Hillary Clinton on book tour ... campaign trail?

'I do not believe our great country should be playing minor league ball,' Clinton says

WASHINGTON — Hillary Rodham Clinton seemed to be dropping hints Tuesday about making another run for the White House.

For the second time in as many days, Clinton talked of her interest in possibly running for the Democratic Party’s presidential nomination in 2016. She lost a hard-fought primary battle in 2008 to Barack Obama, and later agreed to be his secretary of state.

In an interview on the day her book “Hard Choices” was being released, Clinton told ABC’s “Good Morning America” that she wants “to use the talent and resources that I have to make sure” others have the same opportunities.

Earlier, Clinton said that Republican inquiries into her handling of the deadly 2012 attack on the U.S. diplomatic compound in Benghazi, Libya, gave her more of an incentive to run. While she said she’s still undecided about her political future, Clinton cited the Benghazi probe as an example of a dysfunctional Congress.

“It’s more of a reason to run, because I do not believe our great country should be playing minor league ball. We ought to be in the majors,” Clinton said emphatically, leaning forward in her chair during an interview aired Monday with ABC’s Diane Sawyer. “I view this as really apart from, even a diversion from, the hard work that the Congress should be doing about the problems facing our country and the world.”

On Benghazi, Clinton said Tuesday she believed “there were some systemic problems within the State Department. And if we had known that earlier, perhaps we could have done some changes.”

But she also said, “You can’t always sit in an office in Washington and say this and that will happen.”

Clinton also sought to refine remarks she made about how she and former President Bill Clinton were “dead broke” when they left the White House, which Republicans have seized on to cast her as out of touch with regular Americans.

Clinton said Tuesday that she and her husband “fully appreciate how hard life is for so many Americans,” and have “gone through some of the same challenges that many people have” and that they “understand what that struggle is.”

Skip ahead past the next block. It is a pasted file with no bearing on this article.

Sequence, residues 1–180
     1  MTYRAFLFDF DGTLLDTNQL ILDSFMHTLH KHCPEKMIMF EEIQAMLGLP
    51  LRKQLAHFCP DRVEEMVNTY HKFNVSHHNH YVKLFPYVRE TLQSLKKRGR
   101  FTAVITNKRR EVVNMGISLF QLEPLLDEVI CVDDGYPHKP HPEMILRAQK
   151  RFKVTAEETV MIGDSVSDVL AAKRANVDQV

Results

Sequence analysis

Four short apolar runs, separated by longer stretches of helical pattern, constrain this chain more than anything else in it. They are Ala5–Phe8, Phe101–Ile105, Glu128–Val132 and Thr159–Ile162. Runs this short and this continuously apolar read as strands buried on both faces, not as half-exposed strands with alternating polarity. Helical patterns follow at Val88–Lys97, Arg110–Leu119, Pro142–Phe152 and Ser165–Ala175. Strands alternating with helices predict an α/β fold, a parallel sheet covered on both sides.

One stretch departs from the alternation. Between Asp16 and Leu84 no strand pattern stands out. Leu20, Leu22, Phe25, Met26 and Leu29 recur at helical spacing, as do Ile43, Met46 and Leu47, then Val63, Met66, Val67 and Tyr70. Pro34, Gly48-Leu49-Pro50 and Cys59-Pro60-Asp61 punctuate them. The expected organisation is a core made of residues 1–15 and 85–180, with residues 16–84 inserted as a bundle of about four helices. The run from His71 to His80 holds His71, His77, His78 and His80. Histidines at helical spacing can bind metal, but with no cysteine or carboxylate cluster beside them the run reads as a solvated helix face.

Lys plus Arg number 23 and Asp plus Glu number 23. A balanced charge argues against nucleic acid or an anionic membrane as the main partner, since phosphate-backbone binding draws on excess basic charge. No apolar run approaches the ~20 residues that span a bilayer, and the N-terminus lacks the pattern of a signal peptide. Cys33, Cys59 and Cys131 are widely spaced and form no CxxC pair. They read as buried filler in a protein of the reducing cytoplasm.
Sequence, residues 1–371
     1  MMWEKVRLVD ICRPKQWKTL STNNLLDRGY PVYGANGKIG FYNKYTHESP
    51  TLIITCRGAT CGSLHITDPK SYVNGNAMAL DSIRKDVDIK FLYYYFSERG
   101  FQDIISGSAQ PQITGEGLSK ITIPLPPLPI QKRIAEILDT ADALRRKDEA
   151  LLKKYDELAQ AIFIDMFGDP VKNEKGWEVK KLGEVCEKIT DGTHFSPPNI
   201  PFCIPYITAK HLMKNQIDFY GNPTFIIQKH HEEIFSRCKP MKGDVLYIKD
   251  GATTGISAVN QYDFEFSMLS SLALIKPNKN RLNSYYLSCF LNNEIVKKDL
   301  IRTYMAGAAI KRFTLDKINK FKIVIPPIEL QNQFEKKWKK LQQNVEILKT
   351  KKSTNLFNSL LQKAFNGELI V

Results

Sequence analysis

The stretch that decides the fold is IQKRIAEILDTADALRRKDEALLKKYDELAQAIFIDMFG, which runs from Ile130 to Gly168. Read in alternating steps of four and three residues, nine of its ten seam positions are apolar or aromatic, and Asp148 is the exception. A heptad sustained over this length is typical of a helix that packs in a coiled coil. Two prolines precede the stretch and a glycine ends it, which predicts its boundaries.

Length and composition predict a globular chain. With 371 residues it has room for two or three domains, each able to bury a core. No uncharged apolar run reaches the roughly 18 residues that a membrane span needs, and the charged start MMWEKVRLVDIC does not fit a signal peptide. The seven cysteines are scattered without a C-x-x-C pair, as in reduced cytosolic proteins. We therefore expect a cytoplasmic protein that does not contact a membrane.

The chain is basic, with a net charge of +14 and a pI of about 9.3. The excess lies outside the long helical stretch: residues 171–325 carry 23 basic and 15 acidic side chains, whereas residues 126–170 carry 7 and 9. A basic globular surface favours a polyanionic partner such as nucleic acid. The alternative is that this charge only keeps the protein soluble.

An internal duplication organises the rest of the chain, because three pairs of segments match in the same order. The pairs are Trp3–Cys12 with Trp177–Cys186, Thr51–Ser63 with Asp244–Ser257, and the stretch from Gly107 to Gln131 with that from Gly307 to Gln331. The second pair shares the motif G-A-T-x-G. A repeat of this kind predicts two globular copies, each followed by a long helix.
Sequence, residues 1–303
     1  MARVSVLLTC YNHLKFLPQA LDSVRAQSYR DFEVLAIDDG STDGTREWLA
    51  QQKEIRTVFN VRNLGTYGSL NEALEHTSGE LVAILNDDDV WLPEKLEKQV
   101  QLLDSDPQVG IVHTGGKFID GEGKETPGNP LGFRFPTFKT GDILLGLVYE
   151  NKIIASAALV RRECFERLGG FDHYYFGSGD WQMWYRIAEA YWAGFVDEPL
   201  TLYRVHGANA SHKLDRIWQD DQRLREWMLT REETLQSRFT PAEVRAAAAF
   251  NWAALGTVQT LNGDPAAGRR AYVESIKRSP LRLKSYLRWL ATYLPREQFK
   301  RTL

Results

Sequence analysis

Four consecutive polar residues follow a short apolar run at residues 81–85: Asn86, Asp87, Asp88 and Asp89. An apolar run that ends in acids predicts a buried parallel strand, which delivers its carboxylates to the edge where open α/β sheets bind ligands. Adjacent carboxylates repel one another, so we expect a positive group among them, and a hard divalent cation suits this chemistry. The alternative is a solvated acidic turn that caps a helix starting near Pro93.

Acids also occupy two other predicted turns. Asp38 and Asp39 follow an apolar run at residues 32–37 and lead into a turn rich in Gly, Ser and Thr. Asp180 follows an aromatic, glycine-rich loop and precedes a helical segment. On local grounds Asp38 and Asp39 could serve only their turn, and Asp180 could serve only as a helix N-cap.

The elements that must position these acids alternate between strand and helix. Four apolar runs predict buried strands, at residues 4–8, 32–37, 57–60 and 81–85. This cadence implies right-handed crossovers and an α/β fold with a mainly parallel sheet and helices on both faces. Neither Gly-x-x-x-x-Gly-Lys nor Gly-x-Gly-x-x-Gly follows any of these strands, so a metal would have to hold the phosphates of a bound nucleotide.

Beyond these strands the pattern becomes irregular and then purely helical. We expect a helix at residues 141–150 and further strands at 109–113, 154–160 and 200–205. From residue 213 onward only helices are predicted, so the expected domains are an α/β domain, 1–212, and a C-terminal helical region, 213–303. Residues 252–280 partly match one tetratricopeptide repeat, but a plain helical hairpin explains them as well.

The former first lady said the Clintons left the White House roughly $12 million in debt at the end of Bill Clinton’s second term in early 2001 and were burdened with legal bills that dwarfed their income.

Clinton said Monday that at the end of Bill Clinton’s presidency her family “came out of the White House not only dead broke, but in debt. We had no money when we got there, and we struggled to, you know, piece together the resources for mortgages, for houses, for Chelsea’s education. You know, it was not easy.”

Republicans quickly condemned the comment, two years after their presidential nominee, Mitt Romney, was dogged by accusations of being out of touch because of his wealth. Republican officials pointed out that Hillary Clinton received an $8 million book advance for her 2003 memoir and said it showed she would have trouble relating to average Americans.

In another interview, Clinton revealed that shortly after her loss and Sarah Palin’s nomination as the 2008 Republican vice-presidential candidate, the Obama campaign proposed that Clinton go on the attack against her. Clinton said she refused.

“The Obama campaign did contact me and asked me if I would attack her,” Clinton told NBC in an interview that aired Tuesday. “I said, ‘Attack her for what, for being a woman? Attack her for being on a ticket that’s … trying to draw attention?”’

Clinton said she told the campaign, “There’ll be plenty of time to do what I think you should do in politics, which is draw distinctions.”